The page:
The present disclosure will be made with the example of detecting a PD in PoE system. It will become apparent, however, that the concepts described herein are applicable to recognizing any connectable device provided with power in a power supply system.
The force-voltage detection source 18 provides detection of the PD 14 in a force-voltage mode.
The force-voltage detection source 18 produces detection voltage Vdet for detecting a PD. For example, the detection voltage Vdet may be produced in the range from 2.8V to 10V, as specified in the IEEE 802.3af standard. The source resistance Rsv may be up to 100 KOhm.
In the force-voltage mode, the force-voltage detection source 18 may perform two or more tests to detect signature resistance of the PD 14. For each test, the force-voltage detection source 18 produces the detection voltage Vdet at its output terminals Vdet+ and Vdet−. The minimum voltage difference between the detection voltages Vdet produced for different detection tests is 1V.
Via the switching circuit 22, the detection voltage Vdet is applied to detection circuitry of the PD 14 including the PD signature resistance Rsig. The current monitor 34 determines current Ires produced in response to the applied detection voltage Vdet. The signature resistance Rsig of the PD 14 in the force-voltage mode of PD detection is determined as
where ΔVdet is a difference between detection voltages in different tests, and ΔIres is a difference between currents produced in response to the respective detection voltages.
The signature resistance Rsig of a PD should be in a pre-defined range. For example, for a PD compliant with the IEEE 802.3af standard, the signature resistance must be in the range from 19 KOhm to 26.5 KOm.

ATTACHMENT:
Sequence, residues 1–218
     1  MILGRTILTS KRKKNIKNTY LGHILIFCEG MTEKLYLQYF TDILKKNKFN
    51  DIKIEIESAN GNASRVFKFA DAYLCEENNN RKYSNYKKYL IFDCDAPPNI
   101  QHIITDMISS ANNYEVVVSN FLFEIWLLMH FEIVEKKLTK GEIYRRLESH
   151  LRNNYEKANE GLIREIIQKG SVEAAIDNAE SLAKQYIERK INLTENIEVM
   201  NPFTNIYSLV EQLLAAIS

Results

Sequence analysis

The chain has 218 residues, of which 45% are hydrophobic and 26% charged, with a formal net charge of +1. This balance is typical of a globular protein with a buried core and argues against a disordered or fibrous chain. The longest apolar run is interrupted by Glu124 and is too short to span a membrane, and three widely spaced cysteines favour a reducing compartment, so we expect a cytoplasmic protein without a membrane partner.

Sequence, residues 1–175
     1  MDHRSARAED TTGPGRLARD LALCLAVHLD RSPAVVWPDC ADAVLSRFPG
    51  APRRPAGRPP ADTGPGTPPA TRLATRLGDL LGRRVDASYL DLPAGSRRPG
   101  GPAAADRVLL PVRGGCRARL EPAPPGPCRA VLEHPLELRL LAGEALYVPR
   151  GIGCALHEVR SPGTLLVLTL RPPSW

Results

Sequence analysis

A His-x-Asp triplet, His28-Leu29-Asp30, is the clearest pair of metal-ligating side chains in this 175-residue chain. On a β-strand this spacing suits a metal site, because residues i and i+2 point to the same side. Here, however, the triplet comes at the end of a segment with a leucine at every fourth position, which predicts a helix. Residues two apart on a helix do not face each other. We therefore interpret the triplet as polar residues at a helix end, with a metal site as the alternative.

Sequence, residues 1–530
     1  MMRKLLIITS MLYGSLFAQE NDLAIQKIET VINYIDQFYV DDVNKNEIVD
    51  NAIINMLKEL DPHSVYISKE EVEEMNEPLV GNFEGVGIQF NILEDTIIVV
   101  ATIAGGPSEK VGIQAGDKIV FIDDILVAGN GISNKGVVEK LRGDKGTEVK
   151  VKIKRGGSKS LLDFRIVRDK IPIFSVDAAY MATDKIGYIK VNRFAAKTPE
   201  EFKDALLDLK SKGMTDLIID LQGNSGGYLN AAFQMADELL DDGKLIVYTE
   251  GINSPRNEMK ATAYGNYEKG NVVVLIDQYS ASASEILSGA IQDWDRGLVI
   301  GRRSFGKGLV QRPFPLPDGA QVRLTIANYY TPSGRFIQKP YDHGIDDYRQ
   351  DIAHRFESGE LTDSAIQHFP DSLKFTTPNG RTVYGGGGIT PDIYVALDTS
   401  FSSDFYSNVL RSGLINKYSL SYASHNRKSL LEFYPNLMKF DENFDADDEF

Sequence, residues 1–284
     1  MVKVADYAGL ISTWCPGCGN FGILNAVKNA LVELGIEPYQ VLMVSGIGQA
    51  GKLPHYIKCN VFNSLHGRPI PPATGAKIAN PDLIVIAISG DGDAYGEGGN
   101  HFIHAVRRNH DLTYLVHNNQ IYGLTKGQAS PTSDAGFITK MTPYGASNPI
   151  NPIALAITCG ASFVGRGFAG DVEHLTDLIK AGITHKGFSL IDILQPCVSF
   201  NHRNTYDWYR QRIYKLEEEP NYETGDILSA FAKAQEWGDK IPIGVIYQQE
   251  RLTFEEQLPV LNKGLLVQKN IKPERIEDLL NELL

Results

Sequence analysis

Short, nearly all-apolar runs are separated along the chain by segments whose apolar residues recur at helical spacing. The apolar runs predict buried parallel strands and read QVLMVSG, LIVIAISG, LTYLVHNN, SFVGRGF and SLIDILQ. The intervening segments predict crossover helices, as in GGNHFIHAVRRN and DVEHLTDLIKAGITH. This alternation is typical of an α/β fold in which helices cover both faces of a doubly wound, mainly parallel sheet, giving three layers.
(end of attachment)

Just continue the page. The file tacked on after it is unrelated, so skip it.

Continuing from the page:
The force-current detection source 20 provides detection of the PD 14 in a force-current detection mode.
In each test for detecting the PD 14, the force-current detection source 20 produces detection current Idet that corresponds to detection voltage Vdet in a pre-defined valid voltage range. For example, the valid Vdet voltage range may be from 2.8V to 10V, as specified in the IEEE 802.3af standard. The source resistance Rsc may be in the range from 100 KOhm to 100 MOhm. The minimum current difference between values of the detection current Idet produced for different detection tests corresponds to a Vdet voltage difference of 1V.
Via the switching circuit 22, the detection current Idet is supplied to the detection circuitry of the PD 14 including the PD signature resistance Rsig. The voltage monitor 34 determines voltage Vres produced in response to the supplied detection current Idet. The signature resistance Rsig of the PD 14 in the force-current mode of PD detection is determined as
where ΔIdet is a difference between detection currents in different tests, and ΔVres is a difference between voltages produced in response to the respective detection currents.
The switching circuit 22 coupled between the PoE link 16 and output terminals of the detection sources 18 and 20 is controlled by the controller 24 to supply the detection voltage Vdet from the force-voltage detection source 18 to the PoE link 16 in the force-voltage mode of operation, and to supply the detection current Idet from the force-current detection source 20 to the PoE link 16 in the force-current mode. Also, the switching circuit 22 transfers to the force-voltage source 18 or the force-current detection source 20 the current or voltage produced in response to the respective detection voltage or current in the force-voltage or force-current mode, respectively.
Based on the applied values of detection current and determined values of response voltage, the controller 24 calculates the signature resistance Rsig of the PD 14 as follows: Rsig=(V2−V1)/(I2−I1) (step 108). Then, the controller 24 determines whether the signature resistance is a valid value, i.e. whether the signature resistance is within a predefined range (step 110). For example, to validate a PD compliant with the IEEE 802.3af standard, the controller 24 determines whether the signature resistance is within the range from 19 KOhm to 26.5 KOm.